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Columbia Dental Team Tackles Oral Health in Africa
University’s Earth Institute includes
dental care as part of its strategy to end poverty

Columbia University faculty, staff and students from the College of Dental Medicine will travel this fall to sub-Saharan Africa, including Tanzania, Rwanda and Senegal, to develop oral health programs as an integral component of health care at Millennium Village sites.

Dr. Steven Syrop and a patient in Koraro, Ethiopia
Columbia professor Steven Syrop and
a patient last fall in Koraro, Ethiopia

The Millennium Villages project, led by the Earth Institute at Columbia University, Millennium Promise, and the United Nations Development Programme, supports basic health interventions, builds and upgrades clinics, and expands the pool of community or village health workers. The project currently reaches more than 400,000 people at 12 sites in 10 sub-Saharan countries.

Beginning with three villages, the Columbia team will train local health care workers to provide basic essential dental care, including extractions and control of infections. Additionally, the team will introduce a comprehensive prevention program in the schools and the overall community by working with teachers to develop a curriculum that is appropriate and sustainable for each village. They also will develop a prevention program to educate mothers about caring for the oral health of their young children. 

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“If asked to name the most pressing health problem in Africa, many people might say AIDS or malaria," said Steven Syrop, an associate professor of dentistry with a longtime interest in humanitarian causes.  "It’s true, those diseases are still at a crisis level with more needing to be done to decrease their existence, however, it turns out that many in Africa have tooth problems that often go untreated and damage general health.”

The decision to develop oral health programs is an outgrowth of findings made through the Millennium Villages project according to Syrop and Ian Zlotolow, renowned surgeon and founder of the International Society of Oral and Maxillofacial Rehabilitation. 

Syrop and Zlotolow assembled a team in the fall of 2006 and traveled to the Ethiopian village of Koraro. Completing the initial oral health team was College of Dental Medicine student Jeff Laughlin, Peggy Timothe, from Harvard’s School of Dental Medicine, and Khim Hean Teoh, from the National Hospital in Singapore.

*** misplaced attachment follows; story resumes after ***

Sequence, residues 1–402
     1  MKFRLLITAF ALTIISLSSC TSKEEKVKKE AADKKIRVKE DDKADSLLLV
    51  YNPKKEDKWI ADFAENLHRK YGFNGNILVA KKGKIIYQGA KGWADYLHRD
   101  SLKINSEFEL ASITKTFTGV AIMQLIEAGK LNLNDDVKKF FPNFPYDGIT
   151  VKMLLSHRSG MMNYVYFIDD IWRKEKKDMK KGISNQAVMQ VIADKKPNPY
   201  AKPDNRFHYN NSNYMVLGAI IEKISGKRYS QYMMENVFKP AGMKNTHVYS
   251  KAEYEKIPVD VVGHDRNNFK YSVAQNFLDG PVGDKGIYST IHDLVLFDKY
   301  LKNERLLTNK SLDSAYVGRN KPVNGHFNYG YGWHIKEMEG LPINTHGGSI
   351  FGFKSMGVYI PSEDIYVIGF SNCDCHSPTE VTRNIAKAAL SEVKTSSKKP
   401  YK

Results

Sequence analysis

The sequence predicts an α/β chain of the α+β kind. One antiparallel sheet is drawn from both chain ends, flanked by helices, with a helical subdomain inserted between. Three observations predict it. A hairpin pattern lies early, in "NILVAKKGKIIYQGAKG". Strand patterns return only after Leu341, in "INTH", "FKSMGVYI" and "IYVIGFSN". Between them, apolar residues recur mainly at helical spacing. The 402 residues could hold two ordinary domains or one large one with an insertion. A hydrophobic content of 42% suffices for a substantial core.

Columbia dental student Jeff Laughlin examines a child's teeth in Koraro, Eithiopia
Columbia dental student Jeff Laughlin examines a child's teeth in Koraro, Ethiopia

Koraro is one of 12 Millennium Villages, which are selected based on various criteria, including its location in a “hunger hotspot” and the potential to successfully spread antipoverty strategies to other communities.

 “There is currently no access to dental care whatsoever in the remote villages of the world,” said Syrop.  “There are only 48 dentists in the entire country of Ethiopia, and most are in the capital, Addis Ababa.  We’re bringing dental care to villages where there are no dentists.” 

After examining 5,100 villagers using a standardized World Health Organization dental assessment survey, the team discovered that most villagers commonly complained of oral pain.  They found a high incidence of hardened plaque and significant wearing-down of teeth.  Wear on the teeth is caused by sand in the food, a result of the arid environment and lack of water for rinsing fruits and vegetables.

Syrop says the plan to improve the villagers’ oral health is still in the development stages and involves teaching health extension workers to extract teeth, control tooth infections and institute a prevention program. This involves the use of chew sticks, simple twigs that are chewed to clean teeth after eating. The next step is to integrate a prevention and maintenance program in the schools. More children will benefit from these dental interventions because more are attending school for the free hot lunches, available because of surplus crop yields resulting from Millennium Village project agricultural initiatives.

– Story by Tanya Domi. Photographs courtesy of the College of Dental Medicine.

Published: July 24, 2007
Last modified: Jul 24, 2007